The end of the 2016 presidential election is at hand.
A joint session of Congress is set to count the Electoral College votes Friday, a traditional ending to a most unconventional presidential election.
Friday's vote count marks the last chance for Democrats and other anti-Trump forces to disrupt Donald Trump's election. But even if they are successful, the most Democrats could do is slow the process because they don't have the votes to overturn the outcome.
Barring something bizarre happening, Trump will be declared the winner and will be sworn in at his inauguration January 20. Vice President Joe Biden will preside over the vote count in his role as president of the Senate.
FILE - Ballots are passed out to 16 Electors on the Michigan Senate floor for them to cast their formal votes for the president and vice president of the United States in Lansing, Michigan, Dec. 19, 2016.
All 538 electors met in their respective state capitals in December to cast their votes. Trump finished with 304 votes and Democrat Hillary Clinton with 227, according to a tally by The Associated Press. It takes 270 Electoral College votes to win the presidency.
Trump won even though Clinton received nearly 2.9 million more votes. His election has generated much angst among Democrats and others who oppose the billionaire businessman. But they have been powerless to change the outcome.
Despite rumblings of a revolt, only two Republican electors — both from Texas — cast protest votes for someone other than Trump. Clinton lost four Democratic electors in Washington state and one in Hawaii.
The secretary of state's office in Washington said the “faithless” electors would be fined $1,000 apiece.
FILE - Demonstrators gather outside the Texas State Capitol in an attempt to influence the Republican electors from across the state to not vote for Donald Trump when they cast their formal ballots for president of the United States in Austin, Texas, Dec. 19, 2016.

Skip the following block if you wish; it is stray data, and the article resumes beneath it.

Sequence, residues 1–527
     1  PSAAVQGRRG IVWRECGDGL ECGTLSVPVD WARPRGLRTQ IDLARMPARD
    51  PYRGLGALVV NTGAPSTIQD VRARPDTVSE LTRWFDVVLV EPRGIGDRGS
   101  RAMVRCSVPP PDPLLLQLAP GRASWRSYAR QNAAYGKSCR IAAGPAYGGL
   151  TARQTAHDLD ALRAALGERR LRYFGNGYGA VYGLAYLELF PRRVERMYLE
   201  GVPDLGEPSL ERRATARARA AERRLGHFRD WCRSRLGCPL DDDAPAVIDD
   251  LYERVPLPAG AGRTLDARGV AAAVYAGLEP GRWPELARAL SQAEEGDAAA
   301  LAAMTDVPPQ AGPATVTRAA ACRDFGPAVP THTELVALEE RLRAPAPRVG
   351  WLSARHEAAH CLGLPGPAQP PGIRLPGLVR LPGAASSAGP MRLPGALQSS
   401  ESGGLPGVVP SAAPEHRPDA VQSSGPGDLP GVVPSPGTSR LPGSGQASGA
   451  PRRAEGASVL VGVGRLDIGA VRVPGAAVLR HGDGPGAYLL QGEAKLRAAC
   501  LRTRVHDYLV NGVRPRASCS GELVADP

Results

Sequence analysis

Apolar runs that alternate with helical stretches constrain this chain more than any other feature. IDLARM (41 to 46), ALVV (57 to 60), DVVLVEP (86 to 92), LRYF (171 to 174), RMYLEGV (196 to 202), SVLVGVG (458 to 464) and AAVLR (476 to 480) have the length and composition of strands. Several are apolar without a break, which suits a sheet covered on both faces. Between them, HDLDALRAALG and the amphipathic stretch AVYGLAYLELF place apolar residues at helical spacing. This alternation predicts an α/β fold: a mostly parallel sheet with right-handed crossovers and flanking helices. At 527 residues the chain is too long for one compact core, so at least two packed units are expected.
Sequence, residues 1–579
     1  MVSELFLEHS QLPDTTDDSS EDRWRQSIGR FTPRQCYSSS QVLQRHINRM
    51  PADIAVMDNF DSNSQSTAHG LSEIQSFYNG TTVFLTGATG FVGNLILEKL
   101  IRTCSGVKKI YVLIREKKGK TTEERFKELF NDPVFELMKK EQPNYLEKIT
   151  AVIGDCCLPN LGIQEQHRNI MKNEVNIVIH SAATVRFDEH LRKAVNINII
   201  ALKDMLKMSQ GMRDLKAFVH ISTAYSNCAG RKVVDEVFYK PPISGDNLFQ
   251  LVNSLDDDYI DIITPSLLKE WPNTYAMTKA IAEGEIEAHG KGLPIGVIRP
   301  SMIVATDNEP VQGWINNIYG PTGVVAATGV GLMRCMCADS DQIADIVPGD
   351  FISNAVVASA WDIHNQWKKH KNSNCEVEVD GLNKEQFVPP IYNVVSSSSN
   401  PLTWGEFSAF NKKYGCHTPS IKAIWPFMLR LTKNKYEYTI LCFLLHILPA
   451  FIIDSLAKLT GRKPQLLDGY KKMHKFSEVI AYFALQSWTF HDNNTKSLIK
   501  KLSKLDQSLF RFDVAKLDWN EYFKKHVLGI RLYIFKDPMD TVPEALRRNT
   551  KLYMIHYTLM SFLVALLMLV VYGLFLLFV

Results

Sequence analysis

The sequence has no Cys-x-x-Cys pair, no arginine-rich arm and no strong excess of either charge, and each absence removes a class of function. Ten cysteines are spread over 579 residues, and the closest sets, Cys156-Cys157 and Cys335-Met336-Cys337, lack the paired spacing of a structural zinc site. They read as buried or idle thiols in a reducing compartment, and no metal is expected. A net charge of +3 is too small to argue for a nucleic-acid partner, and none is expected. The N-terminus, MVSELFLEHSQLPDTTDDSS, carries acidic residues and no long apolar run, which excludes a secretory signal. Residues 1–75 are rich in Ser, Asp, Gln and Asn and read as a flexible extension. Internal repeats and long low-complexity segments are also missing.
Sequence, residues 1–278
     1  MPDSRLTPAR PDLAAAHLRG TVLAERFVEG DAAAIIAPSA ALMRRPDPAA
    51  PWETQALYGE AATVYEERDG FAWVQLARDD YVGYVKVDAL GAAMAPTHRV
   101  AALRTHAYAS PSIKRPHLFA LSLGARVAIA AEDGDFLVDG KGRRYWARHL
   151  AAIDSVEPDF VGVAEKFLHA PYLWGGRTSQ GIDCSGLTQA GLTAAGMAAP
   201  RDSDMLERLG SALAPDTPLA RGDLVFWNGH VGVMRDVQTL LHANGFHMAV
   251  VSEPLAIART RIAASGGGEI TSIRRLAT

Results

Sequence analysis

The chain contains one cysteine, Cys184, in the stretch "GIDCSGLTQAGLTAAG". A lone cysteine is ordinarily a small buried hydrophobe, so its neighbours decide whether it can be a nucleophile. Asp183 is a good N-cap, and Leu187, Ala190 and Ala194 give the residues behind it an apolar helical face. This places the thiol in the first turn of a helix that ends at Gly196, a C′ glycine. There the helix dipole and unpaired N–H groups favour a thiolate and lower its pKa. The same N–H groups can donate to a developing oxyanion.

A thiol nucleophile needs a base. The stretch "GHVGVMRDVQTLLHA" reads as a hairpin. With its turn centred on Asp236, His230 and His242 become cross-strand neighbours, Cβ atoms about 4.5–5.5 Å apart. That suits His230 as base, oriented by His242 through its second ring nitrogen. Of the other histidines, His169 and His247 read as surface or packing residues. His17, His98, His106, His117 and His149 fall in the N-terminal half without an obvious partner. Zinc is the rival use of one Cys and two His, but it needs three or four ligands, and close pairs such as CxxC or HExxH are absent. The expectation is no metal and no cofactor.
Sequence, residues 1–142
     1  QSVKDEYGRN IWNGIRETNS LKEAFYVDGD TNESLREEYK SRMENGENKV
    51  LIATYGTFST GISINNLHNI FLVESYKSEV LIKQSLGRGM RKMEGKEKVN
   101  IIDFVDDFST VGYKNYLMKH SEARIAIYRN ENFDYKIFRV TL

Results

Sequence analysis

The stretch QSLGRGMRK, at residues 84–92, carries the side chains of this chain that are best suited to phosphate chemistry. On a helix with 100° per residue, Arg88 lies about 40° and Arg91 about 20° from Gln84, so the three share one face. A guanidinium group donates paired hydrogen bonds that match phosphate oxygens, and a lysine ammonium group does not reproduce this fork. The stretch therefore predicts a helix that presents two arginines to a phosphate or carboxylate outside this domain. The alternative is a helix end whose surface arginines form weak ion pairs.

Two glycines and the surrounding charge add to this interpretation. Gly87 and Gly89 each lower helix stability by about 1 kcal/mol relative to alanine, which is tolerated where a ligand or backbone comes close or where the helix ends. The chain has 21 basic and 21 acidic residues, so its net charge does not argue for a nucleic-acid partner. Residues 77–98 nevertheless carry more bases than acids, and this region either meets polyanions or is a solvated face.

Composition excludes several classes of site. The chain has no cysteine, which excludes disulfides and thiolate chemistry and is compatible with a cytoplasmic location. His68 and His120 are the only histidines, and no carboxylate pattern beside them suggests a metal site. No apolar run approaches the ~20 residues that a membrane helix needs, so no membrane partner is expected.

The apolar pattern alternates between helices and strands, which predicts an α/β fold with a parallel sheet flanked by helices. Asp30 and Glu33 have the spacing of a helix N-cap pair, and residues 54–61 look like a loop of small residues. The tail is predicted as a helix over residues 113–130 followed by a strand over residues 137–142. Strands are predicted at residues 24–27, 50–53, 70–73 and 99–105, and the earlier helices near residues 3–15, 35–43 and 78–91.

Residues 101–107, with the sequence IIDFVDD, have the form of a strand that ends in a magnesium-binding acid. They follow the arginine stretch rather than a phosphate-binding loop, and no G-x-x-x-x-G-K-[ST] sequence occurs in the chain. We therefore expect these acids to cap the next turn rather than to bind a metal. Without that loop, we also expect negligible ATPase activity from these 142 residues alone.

During Friday's session, Democrats will have an opportunity to file objections, questioning the validity of the vote count.
Under federal law, if at least one senator and one House member object to the vote from any state, the House and Senate would meet separately to debate the merits of the objection.
Several House Democrats have talked about filing an objection, but no senator has publicly backed the idea. Regardless, with Republicans controlling both chambers, any objection would have little chance of affecting the outcome.
House Democratic Leader Nancy Pelosi said she isn't encouraging people to object. But, she added, “I will be there and I will support those who object.”
Some Democrats want to register their objections because of U.S. intelligence community findings that Russia engaged in computer hacking to sway the election in favor of Trump. America's top intelligence official told Congress on Thursday that Russia undoubtedly interfered in the 2016 presidential election.
“It's not going to have an impact at the end of the day,” Pelosi said of the objections. But, she said, “People don't want the day to pass without registering concern.”
Trump has not fully embraced the findings of the intelligence community. In fact, he has repeatedly mocked America's intelligence officials.